The word is out. Native plants are better. Native plants help clean the air like any other, provide shade and bloom, and, even better, go much further than cultivars (“pedigree” plants) to attract butterflies, birds, even endangered bees. Of course, most of us live in a city area, where neighbors are always ready to pounce on an unlovely yard. The goal for good gardeners is to dress their yards with natives but follow a gardening plan only slightly modified from their neighbors’.
This is relatively easy if you have a wooded lot. Most see the trees, recognize woods, and relax. In the woods you’re allowed to have oddly placed plants because Nature doesn’t insist on perfection. With a wooded lot, deer and invasives are the biggest foes. Deer alone are a death knell to small plants of almost any sort. Fencing, even fencing individual plants, is what will help our beleaguered natives to grow.
Sun is another story entirely. Deer may still be horrors, but there are sheer garden issues, as well. Plants in the sun tend to get tall, so next to a shorn lawn or walkway tall flowers can look like erupting volcanoes of green. This drives good gardeners to purchase and spread continent sized piles of mulch so it’s clear to all and sundry that this is a garden, see the pretty flowers? They long for short, unassuming plants they could place in the front of their garden beds. And if they’re also natives…Woo hoo!
And heaven forbid they simply want a nice ground cover that isn’t invasive like English Ivy or Pachysandra. There’s a reason those plants were so overused (please don’t plant these; get rid of them if you can).
What’s an earth friendly gardener to do? Consider two things – amending your taste to like the “flower eruption look” or find good native plants that will behave themselves. Think of it as a game.
First moves in the game…What comes to mind when you think edge plant or ground cover? All sorts of things, from nicely shaped leaves, pretty bloom, not much upkeep come to mind, but what comes to mind first is short. Something short that leads the eye gently into the intense eruption of glorious bloom. That’s the ticket! Do any natives fit the bill?
If you are lucky to have shade, there are many options, even ephemerals that show up and disappear, underlining spring’s arrival. Wild ginger. Spring Beauty. Wild Fringed Bleeding Heart. Foam Flower. Iris verna. Mayapple (ephemeral). Blood Root, Trillium, Pachysandra procumbens, Bellwort…oh, the joys of spring in a shady garden. Come summer, they’re short and unassuming. Everything gardeners love in a ground cover.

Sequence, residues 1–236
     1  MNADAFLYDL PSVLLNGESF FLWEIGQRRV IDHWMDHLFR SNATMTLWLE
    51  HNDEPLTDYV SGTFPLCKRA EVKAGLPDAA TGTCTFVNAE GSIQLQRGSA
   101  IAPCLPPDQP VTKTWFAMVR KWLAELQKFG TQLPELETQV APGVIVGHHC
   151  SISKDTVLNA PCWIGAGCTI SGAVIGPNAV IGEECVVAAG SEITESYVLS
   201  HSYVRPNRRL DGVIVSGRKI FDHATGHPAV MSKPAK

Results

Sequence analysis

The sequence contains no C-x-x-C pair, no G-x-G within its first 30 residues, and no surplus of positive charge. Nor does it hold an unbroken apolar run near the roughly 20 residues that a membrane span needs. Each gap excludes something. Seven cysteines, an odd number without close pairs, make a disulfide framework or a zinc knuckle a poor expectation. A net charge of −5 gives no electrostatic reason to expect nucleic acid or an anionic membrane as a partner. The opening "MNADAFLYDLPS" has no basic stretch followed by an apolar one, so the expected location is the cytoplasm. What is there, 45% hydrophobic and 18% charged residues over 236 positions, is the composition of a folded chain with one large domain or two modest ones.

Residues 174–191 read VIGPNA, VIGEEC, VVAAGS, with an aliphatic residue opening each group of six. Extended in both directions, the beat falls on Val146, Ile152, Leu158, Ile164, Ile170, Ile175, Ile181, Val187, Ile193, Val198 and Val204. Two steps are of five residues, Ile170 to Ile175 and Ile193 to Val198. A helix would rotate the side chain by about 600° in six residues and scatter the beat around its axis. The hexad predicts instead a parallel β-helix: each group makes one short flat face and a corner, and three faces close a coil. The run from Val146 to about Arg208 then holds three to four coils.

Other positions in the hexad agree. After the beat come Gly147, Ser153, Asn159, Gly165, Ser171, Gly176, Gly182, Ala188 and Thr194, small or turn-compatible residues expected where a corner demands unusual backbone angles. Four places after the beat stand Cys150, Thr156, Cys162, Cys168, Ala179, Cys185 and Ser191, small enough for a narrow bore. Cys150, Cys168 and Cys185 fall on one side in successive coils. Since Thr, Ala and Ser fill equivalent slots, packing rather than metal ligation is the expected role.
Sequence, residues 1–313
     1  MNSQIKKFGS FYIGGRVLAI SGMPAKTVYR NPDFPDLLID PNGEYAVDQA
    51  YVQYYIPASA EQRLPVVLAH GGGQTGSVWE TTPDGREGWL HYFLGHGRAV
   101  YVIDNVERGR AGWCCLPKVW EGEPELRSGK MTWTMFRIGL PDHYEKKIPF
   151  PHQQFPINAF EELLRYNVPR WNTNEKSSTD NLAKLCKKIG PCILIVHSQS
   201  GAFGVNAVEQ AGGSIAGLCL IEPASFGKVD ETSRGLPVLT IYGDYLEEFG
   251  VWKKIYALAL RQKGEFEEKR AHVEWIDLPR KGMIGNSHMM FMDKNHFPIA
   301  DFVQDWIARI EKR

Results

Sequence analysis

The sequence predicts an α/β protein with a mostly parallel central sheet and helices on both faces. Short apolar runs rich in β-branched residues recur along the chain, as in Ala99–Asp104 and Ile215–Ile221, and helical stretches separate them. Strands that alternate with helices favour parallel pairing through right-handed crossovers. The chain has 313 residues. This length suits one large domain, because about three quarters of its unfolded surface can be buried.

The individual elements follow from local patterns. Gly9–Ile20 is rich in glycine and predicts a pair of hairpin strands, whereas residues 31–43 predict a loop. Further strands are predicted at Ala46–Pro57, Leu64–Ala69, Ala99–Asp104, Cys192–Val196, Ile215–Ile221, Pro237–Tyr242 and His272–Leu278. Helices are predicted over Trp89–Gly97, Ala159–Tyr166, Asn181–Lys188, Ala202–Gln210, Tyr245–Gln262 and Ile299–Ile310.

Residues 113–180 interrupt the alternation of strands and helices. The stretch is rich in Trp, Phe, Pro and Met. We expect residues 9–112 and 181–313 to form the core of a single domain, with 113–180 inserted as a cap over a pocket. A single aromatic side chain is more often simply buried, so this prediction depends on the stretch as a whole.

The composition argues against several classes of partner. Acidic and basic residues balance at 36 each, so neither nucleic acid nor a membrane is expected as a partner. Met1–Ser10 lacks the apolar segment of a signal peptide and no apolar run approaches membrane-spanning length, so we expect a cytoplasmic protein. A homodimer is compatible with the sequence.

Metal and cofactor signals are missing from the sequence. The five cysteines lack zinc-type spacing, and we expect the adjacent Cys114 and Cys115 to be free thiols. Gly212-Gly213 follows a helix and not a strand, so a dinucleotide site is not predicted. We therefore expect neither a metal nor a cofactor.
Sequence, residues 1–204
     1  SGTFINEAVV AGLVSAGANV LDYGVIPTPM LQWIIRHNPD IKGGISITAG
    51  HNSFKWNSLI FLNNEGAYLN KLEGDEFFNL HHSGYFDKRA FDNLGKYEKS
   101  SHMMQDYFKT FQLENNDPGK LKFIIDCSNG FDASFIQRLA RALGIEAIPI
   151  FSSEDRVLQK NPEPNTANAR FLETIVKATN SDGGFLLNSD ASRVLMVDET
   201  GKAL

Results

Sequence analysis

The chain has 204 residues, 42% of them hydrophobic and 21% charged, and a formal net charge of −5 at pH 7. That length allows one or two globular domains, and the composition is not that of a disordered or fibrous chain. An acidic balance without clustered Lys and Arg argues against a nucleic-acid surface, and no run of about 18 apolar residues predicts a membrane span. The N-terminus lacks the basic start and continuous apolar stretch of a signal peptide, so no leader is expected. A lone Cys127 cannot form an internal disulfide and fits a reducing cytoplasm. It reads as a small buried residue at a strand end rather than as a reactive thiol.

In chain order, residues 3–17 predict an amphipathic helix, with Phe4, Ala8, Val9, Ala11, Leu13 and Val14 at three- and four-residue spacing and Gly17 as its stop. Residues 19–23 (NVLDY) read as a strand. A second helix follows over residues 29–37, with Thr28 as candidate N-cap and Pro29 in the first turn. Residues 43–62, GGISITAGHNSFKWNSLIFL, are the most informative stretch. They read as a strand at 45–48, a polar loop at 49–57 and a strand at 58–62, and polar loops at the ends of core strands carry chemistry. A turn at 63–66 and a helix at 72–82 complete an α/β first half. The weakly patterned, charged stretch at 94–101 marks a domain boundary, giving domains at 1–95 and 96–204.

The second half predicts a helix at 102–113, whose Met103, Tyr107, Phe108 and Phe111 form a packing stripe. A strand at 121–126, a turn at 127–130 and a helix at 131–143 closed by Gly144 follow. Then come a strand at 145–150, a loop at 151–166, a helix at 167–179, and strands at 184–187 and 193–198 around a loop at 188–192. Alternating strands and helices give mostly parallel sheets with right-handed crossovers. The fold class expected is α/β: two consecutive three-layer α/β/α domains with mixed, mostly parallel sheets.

Faced with unrelenting sun, many gardeners assume they really can’t enjoy good ground covers without resorting to invasive offerings. Sun gardeners, take heart. There are some glorious native short plants for your sunny yard. All it takes is recognizing what’s right in front of us.
Violets. Violets are perhaps the most under sung gorgeous native plants ever. Yet they are adorable perennial plants, with heart shaped leaves and pretty flowers in early spring. They seldom – even in sun – get taller than 8 inches, and they may even be available for free.
Violets are frequently found growing in the lawn. The sunny lawn. They grow quite happily in shade, but they also make their statement in the sunniest areas. If they’re in your lawn, you can dig out, for free, all the plants you’ll need to get good edge or ground cover going. If you don’t have any, some of your friends do. Believe it.
Left to themselves, Violets will spread by rhizomes (underground spreader roots) and by seed, quickly covering whatever ground they’re supposed to. They appreciate a little water in summer dry spells but will survive if they’re ignored (leaves might get “toasty” edges).
If deer are yard nasties in your neighborhood, too, Violets can really rock the scene. Even under Black Walnuts! Bunnies, Bobwhites, and Mourning Doves like the seeds, but deer aren’t impressed by anything a Violet has to offer (hurrah).
Violets are great for fritillaries, which are butterflies without claws on their front legs (who knew?). Checkerspots, Viceroys, and Heliconian fritillary butterflies are all attracted to lovely Violets, who help them give rise to the next generation. Violets are larval host plants for gorgeous fritillaries; they’ll help you attract these beauties to your yard. It’s well worth digging those Violets out of the lawn to replace the boring mulch.
Moss Phlox. Native Moss Phlox (Phlox subulata) and Creeping Phlox (Phlox stolonifera) are so pretty that many cultivars (bred plants, not wildflowers) have been created from their stock. Creeping Phlox prefers shade, but Moss Phlox glories in sun.
Both these natives are absolutely classic, even sought after, ground covers. Moss Phlox is almost astonishingly easy to grow in sunny areas, providing nectar for butterflies and bees (Creeping Phlox tends to attract moths, not butterflies).
In the best fashion of preferred edge and ground covers, both are short, reaching a maximum of 8 inches. And…deer are unimpressed. Does it get better than this? You can’t go wrong.
Wild Geraniums. We’re talking true, “hardy” geraniums here, often called “Cranesbills” Geraniums (the annual geraniums often sold for gardens, with the distinctive scent, are an entirely different plant family called Pelargonium). Cranesbills Geraniums (Geranium maculatum) are perennial, short, and easy to grow. Left to themselves they will cheerfully spread whereever they’re allowed, covering the ground (no need to mulch. no mowing). While they can achieve a height of two feet, they flop over, so they’re actually short.
Hang onto your hats… deer and rabbits would rather eat something else. Fabulous!
Maureen Rice is a naturalist/gardener living in Talbot County. She is the author of “Not! Your Granny’s Garden.” Email firstname.lastname@example.org to receive the blog straight to your inbox.